Avoiding investments that are green in name only

One downside of the fast-growing appeal of sustainable investing is that companies and asset managers are sometimes taking shortcuts to becoming “green enough” to appeal to investors.

The process, generally described as greenwashing, can be as subtle as adding an ESG label on a fund or as overt as making false claims about how much a company is committed to environmental, social and governance causes.

For financial advisers trying to find the most appropriate ESG investment products and strategies for clients, this means another level of due diligence.

“It’s important to assess how serious companies are when it comes to their ESG efforts,” said Lori Keith, portfolio manager at Parnassus Investments.

Greenwashing is becoming more common, Keith explained, “because companies are seeing the benefits of being viewed in a positive light” regarding popular sustainable causes.

In a panel discussion this week at the Women in Asset Management virtual conference, Keith said the problem of greenwashing is at least partially attributable to the lack of standards around ESG and sustainable investing.

“The industry is still evolving and a lack of [sustainable investing] standards makes it difficult for an investor to ascertain how serious an asset manager is about ESG,” she said.

The greenwashing problem is found at both the individual company level and at the asset manager level. But while financial advisers are responsible for vetting the funds for greenwashing offenses, those same advisers are expecting the portfolio managers to conduct that due diligence on their underlying portfolio holdings.

“Fund ratings are a good place to start, but that shouldn’t be the be-all and end-all of your research,” said Anita Baldwin, head of research and sustainable investing at Hartford Funds.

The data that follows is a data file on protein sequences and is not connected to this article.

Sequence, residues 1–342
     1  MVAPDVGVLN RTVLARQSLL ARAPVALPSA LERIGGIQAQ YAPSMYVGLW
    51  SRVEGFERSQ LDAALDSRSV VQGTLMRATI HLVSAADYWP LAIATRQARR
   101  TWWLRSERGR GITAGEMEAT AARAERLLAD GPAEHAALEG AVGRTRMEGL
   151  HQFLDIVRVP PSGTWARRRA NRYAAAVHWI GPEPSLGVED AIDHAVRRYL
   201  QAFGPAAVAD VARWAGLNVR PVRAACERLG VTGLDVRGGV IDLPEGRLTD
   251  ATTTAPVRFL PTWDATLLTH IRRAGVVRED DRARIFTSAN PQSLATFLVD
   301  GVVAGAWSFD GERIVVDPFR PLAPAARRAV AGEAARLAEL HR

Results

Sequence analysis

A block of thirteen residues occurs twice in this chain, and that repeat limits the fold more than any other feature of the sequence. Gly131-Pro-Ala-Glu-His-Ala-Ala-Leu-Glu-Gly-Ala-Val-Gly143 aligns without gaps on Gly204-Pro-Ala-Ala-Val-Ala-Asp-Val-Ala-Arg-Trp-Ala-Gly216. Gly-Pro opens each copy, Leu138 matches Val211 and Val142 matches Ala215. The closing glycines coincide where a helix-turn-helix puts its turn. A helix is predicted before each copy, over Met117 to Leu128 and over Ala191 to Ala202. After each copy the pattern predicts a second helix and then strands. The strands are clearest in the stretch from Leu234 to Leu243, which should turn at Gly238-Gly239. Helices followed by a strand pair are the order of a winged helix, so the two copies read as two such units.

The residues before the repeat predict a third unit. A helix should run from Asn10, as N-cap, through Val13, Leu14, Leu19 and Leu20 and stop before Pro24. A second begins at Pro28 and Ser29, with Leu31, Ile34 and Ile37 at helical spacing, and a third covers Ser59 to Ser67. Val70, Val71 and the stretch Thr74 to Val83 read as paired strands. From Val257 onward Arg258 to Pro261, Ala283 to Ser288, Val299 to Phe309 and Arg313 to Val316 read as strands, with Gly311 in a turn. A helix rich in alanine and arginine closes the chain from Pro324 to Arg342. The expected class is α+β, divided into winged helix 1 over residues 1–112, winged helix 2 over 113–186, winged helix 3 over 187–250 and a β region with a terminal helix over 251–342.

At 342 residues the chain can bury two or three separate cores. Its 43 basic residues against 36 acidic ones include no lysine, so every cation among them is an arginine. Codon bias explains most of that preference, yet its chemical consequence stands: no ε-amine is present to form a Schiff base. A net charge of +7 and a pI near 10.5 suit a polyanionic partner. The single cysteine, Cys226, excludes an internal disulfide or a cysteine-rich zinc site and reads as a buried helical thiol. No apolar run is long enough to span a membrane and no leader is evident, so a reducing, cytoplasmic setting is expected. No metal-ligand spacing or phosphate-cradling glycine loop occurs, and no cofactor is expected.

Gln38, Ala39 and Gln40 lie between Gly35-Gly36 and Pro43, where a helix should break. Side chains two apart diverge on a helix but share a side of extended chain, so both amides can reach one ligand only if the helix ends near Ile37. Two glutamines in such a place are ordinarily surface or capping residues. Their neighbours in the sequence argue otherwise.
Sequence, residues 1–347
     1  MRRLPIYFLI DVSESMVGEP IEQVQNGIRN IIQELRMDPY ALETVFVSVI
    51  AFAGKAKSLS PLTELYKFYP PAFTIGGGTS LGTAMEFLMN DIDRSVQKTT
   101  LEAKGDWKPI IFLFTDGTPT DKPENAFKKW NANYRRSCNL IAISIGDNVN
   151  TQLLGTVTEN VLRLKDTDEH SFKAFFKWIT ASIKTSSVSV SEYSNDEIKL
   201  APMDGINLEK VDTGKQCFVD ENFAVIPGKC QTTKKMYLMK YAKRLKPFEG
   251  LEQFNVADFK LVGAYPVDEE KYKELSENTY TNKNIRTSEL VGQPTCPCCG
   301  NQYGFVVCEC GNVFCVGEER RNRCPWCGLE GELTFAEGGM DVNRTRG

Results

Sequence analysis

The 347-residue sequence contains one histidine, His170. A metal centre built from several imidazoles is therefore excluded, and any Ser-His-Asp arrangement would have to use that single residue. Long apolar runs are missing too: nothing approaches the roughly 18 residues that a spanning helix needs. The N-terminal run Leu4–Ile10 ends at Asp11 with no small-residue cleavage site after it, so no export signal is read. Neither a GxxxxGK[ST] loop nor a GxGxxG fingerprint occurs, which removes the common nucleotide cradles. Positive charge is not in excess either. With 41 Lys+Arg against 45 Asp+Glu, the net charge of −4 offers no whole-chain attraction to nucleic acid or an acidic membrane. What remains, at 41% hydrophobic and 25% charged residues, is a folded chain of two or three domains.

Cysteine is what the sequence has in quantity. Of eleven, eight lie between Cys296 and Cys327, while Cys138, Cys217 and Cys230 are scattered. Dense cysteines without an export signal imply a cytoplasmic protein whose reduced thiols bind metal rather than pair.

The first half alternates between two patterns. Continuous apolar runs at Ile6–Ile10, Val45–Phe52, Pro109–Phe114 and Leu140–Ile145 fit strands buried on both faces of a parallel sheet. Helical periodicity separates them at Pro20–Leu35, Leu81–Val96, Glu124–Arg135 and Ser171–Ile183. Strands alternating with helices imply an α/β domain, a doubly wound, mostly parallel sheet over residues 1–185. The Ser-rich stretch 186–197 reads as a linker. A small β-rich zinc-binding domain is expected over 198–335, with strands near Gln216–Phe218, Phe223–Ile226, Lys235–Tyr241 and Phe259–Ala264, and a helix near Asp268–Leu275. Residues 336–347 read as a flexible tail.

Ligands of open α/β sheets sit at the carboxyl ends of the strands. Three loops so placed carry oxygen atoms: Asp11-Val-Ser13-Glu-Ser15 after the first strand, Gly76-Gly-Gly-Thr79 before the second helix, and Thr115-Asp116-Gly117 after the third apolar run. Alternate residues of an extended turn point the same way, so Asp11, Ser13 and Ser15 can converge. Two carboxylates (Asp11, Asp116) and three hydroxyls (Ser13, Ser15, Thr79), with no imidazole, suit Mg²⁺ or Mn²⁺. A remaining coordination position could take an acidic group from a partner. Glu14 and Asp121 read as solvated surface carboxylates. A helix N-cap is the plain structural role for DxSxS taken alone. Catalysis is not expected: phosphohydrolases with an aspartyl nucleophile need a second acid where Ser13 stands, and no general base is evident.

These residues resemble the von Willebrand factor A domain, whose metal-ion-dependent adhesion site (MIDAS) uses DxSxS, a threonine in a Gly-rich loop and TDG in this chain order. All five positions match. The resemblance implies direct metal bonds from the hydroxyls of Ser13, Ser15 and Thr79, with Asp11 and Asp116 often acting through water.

Beyond the ESG ratings from organizations like MSCI and Morningstar that provide a snapshot of how funds are managed, Baldwin said advisers should look at how a fund company prioritizes ESG investing at the firm level.

“If they have a team of analysts dedicated to ESG issues, it’s important to know where that team sits in the organization, because you want to determine how important they are,” she said. “You can find out a lot when you ask an investment team these kinds of questions, and it says a lot if they can’t come up with an answer.”

Keith said screening for greenwashing also includes looking carefully at the prospectus.

“Look at their top 10 holdings and see if those companies are really reflective of what they’re advocating,” she said. “Also look at proxy voting to determine if they’re willing to take a stand and in some cases, vote against management.”

At the portfolio manager level, Keith said the quality of the research is “absolutely paramount” when trying to determine whether an individual company is trying to greenwash its commitment to ESG.

“We don’t just talk to investor relations, we talk to management and we visit plants,” she said.

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